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Kay's Originals Vol. 1


BIOGRAPHICAL SKETCHES. 27 they succeeded in obtaining from him no less a sum, it is said, than one hundred pounds sterling. The Doctor was a regular attendant at church, and always contributed to the plate. That his charity on such occasions might be duly appreciated by those who were in attendance, instead of throwing in his halfpence in the usual careless way, he piled them up into one solid massive column of copper, and gently placing the pillar down, left it, a conspicuous monument of his benevolence. One act of public spirit, however, does mark the Doctor’s-life, and if his motive in performing it, as was uncharitably reported at the time, was vanity, one cannot help being struck with the ingenuity which directed him on the occasion. He presented the governors of the Orphan Hospital with a bell! His fame was thus literally sounded throughout the city ; yet, lest any should have been ignorant of the gift, he took care when in company, on hearing it ring, to advert to its fine tone, and thus lead the way to a narrative of his generosity. The other figure in the Print represents Laird Robertson holding up one of his sticks ; the nndermost figure represents Principal Robertson ; the one on tlie top the eccentric Dr. James Graham, no great favourite of Dr. Glen’s. Eeing once troubled with sore eyes, after in vain trying the prescriptions of several physicians, he applied to Dr. Graham, who cured him in a very short time, for which he expressed great gratitude. Wishing to make him some remuneration, he consulted some of the young members of the Faculty ; and, as the most genteel way of doing what he wished, they recommended him to invite the Doctor and a few of his own friends to dinner in Fortune’s (the most fashionable tavern at that time), and provide himself with a hltndsome purse, containing thirty guineas or so, and offer it to the Doctor, which they assured him he would not accept. They accordingly met, and after a few bottles of wine had been drunk, the old Doctor called Dr, Graham to the window, and offered him the purse, which he at once accepted, and, with a very low bow, thanked him kindly for it. The Doctor was so chagrined that he soon left the company, who continued till a pretty early hour enjoying themselves at his expense. The father of Dr. Glen was a native of the west of Scotland, and had three sons, all of whom were prosperous in the world. One of these gentlemen was appointed governor of one of the 7Qest India Islands, where he amassed a large fortune, of which he left $30,000 to his niece, the daughter of the third brother, who ultimately succeeded to the reversion of the Doctor’s property. This amiable lady was subsequently married to the late Earl of Dalhousie, father to the present noble Earl. Dr. Glen enjoyed, by purchase, an annuity from the city of Edinburgh, of which he lived so long to reap the benefit, that the magistrates gave up all hopes of his ever dying at all, and began to consider him as one of the perpetual burdens of the city. He, however, died in 1786.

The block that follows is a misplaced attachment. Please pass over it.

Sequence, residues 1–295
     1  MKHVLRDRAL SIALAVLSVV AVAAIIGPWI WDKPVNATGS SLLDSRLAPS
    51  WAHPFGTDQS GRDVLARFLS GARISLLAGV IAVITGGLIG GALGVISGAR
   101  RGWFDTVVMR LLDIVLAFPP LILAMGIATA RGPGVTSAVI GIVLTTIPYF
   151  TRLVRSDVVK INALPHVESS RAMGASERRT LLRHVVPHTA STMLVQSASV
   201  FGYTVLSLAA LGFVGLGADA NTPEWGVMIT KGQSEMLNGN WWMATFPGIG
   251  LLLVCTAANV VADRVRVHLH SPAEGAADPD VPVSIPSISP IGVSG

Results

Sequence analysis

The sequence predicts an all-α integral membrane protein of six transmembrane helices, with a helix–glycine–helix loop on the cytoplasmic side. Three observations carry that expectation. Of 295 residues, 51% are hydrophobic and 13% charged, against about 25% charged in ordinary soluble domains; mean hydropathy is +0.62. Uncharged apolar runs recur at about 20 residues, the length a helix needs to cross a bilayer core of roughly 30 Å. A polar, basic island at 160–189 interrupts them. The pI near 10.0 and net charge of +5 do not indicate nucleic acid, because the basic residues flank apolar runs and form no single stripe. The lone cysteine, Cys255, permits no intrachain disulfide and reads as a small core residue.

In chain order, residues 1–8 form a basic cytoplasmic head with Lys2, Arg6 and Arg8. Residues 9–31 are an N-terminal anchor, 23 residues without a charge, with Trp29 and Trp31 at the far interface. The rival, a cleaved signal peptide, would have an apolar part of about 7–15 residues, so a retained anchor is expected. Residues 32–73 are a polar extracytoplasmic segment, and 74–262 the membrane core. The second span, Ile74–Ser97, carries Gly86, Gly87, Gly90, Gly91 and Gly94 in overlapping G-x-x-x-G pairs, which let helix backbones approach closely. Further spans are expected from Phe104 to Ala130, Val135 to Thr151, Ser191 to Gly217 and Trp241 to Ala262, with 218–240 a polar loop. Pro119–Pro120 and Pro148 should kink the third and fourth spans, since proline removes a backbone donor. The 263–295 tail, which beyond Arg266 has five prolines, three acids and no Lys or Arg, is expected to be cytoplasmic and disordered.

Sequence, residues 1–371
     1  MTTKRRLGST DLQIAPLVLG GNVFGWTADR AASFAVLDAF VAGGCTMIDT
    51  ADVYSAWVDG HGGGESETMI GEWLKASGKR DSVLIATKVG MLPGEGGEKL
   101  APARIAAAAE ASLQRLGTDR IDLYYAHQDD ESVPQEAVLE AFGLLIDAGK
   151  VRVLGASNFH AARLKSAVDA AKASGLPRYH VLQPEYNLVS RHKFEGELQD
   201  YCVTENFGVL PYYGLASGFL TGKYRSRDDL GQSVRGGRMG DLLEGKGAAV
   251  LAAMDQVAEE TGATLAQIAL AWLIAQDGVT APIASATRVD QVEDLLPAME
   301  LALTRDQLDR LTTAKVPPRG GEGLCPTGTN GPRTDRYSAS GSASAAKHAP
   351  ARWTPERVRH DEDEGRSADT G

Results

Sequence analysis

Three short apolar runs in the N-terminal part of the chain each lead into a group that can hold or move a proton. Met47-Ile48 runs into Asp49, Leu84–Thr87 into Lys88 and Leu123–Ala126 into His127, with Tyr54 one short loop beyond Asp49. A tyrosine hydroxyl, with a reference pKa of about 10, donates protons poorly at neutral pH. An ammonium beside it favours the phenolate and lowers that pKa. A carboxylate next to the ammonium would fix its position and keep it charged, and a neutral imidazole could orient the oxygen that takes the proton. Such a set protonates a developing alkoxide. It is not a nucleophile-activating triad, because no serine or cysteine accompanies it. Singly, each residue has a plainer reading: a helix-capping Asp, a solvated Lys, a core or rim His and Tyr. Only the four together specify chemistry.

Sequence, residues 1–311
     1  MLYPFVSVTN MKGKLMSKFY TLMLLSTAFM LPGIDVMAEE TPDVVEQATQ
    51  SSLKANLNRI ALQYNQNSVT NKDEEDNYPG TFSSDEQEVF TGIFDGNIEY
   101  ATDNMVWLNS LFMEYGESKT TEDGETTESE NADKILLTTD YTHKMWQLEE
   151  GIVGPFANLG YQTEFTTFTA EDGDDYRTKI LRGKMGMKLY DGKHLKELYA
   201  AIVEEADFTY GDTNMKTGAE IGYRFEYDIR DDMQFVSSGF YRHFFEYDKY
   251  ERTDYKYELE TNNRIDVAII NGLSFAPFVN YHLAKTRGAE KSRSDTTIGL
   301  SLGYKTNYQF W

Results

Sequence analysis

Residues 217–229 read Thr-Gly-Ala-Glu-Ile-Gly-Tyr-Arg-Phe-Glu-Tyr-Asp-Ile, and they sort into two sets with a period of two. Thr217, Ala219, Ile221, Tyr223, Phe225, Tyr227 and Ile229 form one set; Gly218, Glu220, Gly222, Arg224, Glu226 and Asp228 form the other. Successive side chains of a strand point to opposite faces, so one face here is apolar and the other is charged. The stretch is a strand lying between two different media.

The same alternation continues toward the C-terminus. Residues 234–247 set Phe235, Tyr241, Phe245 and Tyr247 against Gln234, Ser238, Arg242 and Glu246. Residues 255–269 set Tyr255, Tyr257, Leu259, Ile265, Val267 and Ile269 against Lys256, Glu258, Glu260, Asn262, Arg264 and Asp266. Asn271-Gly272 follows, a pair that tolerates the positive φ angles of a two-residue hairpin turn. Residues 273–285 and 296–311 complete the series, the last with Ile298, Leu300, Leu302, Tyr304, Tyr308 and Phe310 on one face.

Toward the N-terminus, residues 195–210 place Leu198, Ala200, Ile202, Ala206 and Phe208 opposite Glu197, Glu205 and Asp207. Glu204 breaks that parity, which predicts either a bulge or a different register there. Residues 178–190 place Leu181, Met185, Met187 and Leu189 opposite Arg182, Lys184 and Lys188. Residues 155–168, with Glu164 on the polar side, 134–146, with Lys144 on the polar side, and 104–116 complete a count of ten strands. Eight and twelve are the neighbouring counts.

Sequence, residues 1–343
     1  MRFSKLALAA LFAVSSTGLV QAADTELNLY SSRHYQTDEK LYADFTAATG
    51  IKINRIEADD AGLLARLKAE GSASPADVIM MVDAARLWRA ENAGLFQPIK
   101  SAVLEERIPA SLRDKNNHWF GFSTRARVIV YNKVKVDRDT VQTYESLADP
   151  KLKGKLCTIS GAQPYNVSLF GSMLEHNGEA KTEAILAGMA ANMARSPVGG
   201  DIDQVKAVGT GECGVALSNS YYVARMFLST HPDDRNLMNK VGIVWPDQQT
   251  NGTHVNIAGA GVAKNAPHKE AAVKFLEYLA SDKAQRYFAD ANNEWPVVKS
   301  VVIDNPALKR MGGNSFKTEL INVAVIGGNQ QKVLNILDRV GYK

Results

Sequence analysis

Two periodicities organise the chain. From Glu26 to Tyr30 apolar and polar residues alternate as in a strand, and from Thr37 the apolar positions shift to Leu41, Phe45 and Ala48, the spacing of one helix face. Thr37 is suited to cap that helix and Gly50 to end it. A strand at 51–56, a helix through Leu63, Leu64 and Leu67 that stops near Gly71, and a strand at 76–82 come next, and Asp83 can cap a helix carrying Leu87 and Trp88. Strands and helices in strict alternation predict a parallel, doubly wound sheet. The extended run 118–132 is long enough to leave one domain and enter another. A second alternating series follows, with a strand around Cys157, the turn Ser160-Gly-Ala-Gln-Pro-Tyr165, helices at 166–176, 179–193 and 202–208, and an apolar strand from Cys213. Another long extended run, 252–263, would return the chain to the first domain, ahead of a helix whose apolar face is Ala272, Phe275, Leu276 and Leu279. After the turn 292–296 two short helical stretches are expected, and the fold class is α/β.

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28 BIOGRAPHICAL SKETCHES. No. x. A SLEEPY CONGREGATION. THE wit of this Print consists in representing a set of citizens, well known as little addicted to church-going, listening to a discourse from the most evangelical clergyman in the city, in a place of worship whose ordinary congregation was noted above all others for their ultra-Presbyterianism. The clergyman is the celebrated Dr. Webster, the precentor John Campbell, the place of worship the Tolbooth Church, being that in which Dr. Webster was the stated clergyman. The church was the south-west portion of St. Giles’s, and was so designated from its having been used in the reign of James VI. as a town-house, the supreme civil court being usually, and the Parliament occasionally, held in it. The congregation in Dr. Webster’s time were known by the appellation of ‘‘ the Tolbooth Whigs,” as making the nearest approach in practice and doctrine to the severe spirits of the days of Cameron and Cagill. It may well be supposed with what mirth the wit of Mr. Kay would be hailed by those to whom the character of both the real and the imaginary congregation was familiar. Dr. Alexander Webster was the son of an equally distinguished preacher, who had suffered in the persecuting times, and was afterwards clergyman in this very church.l Born in 1707, and educated to his father’s profession, he was, at an early age, ordained to the charge of Culross in Fife, where he made himself so remarkable for his eloquence, his piety, and generally for the fidelity, activity and diligence, with which he discharged the duties of the pastoral office, that he received a unanimous call, four years after his first ordination, from the congregation of the Tolbooth Church, to which charge he was inducted on the 2d June 1737. In this situation, which he held for the long period of forty-seven years, Dr. Webster continued to practise, on a scale extending with his opportunities, all those useful and amiable qualities which had distinguished him at the outset of The elder Webster was asserted by the Jacobite8 to be mad. There is a curious “Godlie Ballad,” lately privately printed from a MS. in the Advocates’ Library, of which he is the subject, and in which he is most severely handled. It commences- ‘( Great Meldrum is gone, let Webster succeed, A rare expounder of Scripture and creed, Who’s learning is nonsense, who’a temper is bad, It’s predestination that made him so mad By algebra he makes it appear to be true, Three deils and a half possest e-verie sow. Though his head be light, hia carcass is heavy, His bellie a midden of sack, flesh, and gravie,” etc. etc. etc. He died May 17, 1720.
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